Haley pushes for limited federal abortion restrictions, says country needs ‘consensus’

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Republican presidential candidate Gov. Nikki Haley on Tuesday outlined broad support for a set of national abortion restrictions, arguing that she thought the federal government should have a role in regulating the procedure despite conservatives’ oft-stated insistence the issue be left to the states.

But she also warned pro-life conservatives that any such federal bans are unlikely to ever go far as they want, emphasizing that the country needed to find “consensus” on a medical procedure that has long polarized Democrats and Republicans.

Delivering what was billed as a major abortion rights speech, Haley sought to position herself as the one candidate in the 2024 presidential race — either Republican or Democrat — capable of helping the country find a lasting compromise on abortion rights after the Supreme Court struck down the Constitutional right to the procedure last year. Doing so, she added, requires lawmakers to balance both the fetuses’ right to live and the difficulties women face during pregnancy.

“I said I wanted to save as many babies and help as many moms as is possible — that is my goal,” Haley said, speaking at the pro-life Susan B. Anthony Pro-Life America offices here just outside the nation’s capital. “To do that at the federal level, the next president must find national consensus.” (Haley’s speech, according to her prepared remarks, used the word “consensus” nearly a dozen times.)

Haley’s speech was at times deeply personal, relating her husband’s adoption, her own struggles to conceive, and the “anguish” a friend felt after after being raped and worrying that she would have an unwanted pregnancy. The former South Carolina governor also cited her own experience removing the Confederate Flag from the statehouse in Columbia as proof that she is able to find compromise on emotionally difficult issues.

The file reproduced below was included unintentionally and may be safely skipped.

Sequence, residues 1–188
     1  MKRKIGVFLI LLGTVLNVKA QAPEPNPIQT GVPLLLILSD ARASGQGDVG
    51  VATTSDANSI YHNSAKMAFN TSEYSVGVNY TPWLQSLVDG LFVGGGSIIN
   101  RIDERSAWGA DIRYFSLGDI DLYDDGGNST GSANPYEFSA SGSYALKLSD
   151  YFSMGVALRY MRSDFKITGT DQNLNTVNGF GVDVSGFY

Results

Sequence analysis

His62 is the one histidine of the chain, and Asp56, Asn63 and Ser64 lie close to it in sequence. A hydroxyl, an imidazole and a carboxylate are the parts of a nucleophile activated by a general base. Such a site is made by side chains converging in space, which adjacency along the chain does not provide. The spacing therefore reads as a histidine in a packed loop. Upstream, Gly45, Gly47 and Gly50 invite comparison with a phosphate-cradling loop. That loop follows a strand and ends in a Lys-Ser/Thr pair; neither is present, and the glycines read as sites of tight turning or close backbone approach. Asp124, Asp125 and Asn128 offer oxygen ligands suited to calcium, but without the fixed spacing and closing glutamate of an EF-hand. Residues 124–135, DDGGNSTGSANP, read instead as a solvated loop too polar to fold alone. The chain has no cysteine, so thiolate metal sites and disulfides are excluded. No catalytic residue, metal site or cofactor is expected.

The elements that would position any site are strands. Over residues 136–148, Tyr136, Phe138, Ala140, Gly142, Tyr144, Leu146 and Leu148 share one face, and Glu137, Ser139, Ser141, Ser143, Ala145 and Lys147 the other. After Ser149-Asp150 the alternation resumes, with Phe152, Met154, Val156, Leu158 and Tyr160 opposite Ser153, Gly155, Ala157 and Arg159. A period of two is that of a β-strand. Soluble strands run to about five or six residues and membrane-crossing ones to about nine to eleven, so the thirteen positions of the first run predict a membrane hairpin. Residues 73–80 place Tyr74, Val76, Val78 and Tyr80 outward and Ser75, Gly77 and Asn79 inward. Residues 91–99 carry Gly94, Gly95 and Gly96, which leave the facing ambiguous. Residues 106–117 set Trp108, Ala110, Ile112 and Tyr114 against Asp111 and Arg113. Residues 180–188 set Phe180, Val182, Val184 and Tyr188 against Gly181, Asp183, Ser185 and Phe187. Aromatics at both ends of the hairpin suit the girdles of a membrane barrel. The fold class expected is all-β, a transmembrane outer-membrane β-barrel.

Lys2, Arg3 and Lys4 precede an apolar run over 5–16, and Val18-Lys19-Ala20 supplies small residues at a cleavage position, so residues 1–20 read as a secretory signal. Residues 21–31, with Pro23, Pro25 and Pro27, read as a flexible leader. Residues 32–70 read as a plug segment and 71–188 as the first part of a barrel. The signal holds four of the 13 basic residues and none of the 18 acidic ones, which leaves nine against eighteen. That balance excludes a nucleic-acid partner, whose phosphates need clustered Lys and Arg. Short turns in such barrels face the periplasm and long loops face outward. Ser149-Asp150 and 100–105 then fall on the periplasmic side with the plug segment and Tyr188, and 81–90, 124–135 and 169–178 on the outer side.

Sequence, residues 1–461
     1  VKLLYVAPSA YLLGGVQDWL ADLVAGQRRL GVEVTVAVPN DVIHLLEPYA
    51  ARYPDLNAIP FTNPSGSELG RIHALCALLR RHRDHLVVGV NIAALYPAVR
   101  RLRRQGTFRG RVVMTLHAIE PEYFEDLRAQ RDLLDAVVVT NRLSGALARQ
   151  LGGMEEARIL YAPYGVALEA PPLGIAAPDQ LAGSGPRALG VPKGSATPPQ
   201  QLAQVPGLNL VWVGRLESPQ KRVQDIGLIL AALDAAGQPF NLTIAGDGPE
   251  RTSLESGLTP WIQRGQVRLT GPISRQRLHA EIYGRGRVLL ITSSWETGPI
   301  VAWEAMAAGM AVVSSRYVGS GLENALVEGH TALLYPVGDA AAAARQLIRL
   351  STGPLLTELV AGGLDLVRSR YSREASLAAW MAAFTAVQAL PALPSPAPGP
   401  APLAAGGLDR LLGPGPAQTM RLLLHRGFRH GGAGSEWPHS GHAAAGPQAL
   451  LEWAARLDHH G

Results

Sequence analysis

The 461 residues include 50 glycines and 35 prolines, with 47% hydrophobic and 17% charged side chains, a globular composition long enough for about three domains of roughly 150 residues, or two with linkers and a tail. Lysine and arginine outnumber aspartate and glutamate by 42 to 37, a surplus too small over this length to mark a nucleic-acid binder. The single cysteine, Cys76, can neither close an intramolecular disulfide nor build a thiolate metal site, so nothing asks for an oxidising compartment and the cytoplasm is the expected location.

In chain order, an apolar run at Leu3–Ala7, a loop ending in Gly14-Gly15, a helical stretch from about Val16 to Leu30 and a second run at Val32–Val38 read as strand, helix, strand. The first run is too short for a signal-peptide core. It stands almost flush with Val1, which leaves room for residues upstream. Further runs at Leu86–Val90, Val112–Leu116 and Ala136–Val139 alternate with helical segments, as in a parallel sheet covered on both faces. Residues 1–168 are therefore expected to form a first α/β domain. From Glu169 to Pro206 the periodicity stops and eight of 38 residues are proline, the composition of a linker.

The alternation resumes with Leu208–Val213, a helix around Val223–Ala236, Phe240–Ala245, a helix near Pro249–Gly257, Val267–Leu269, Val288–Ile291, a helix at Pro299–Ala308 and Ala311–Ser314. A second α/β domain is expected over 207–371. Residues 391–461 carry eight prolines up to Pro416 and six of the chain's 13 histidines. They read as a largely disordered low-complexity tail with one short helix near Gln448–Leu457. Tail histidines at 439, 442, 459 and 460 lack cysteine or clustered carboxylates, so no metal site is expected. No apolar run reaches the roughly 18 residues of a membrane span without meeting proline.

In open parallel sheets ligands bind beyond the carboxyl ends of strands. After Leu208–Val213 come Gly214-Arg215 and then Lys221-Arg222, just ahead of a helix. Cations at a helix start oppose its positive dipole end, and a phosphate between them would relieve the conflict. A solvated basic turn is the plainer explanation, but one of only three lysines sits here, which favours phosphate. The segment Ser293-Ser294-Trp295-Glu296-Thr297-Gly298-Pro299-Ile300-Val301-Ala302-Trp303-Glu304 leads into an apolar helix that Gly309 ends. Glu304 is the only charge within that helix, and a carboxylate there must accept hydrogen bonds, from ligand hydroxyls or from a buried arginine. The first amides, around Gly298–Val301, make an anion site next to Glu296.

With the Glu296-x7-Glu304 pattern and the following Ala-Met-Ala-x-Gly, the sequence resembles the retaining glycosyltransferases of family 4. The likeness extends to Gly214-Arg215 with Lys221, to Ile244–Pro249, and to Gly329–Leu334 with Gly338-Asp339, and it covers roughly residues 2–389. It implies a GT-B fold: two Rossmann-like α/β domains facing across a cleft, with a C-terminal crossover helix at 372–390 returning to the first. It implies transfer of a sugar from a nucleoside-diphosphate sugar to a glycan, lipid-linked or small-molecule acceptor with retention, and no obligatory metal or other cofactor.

Haley, who as governor in 2016 signed a law prohibiting abortions after 20 weeks except in cases where the mother’s life was in danger, did not say whether she would support a national ban on the procedure after a certain number of weeks, – generally considered the most important question facing any candidate considering federal push to limit abortions. A spokeswoman for Susan B. Anthony told McClatchyDC after the speech, however, that Haley has assured the group that she would commit to a 15-week national ban.

She also did not say whether she thought Mifepristone, a common abortion drug, should remain legal across the country even as the judicial system, including the Supreme Court, adjudicates its status after a Texas federal judge temporarily suspended its distribution earlier this month.

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But the presidential candidate, who described herself as “unapologetically” pro-life, did outline a series of areas she thought already had national support.

The list included protections for babies born alive during an abortion, prohibitions on pressuring people into abortions or forcing doctors or nurses to perform the procedure even when it contradicts their beliefs, and policies that make adoption easier.

She also suggested restrictions on the procedure “up until the time of birth” while arguing that contraception should be more widely available.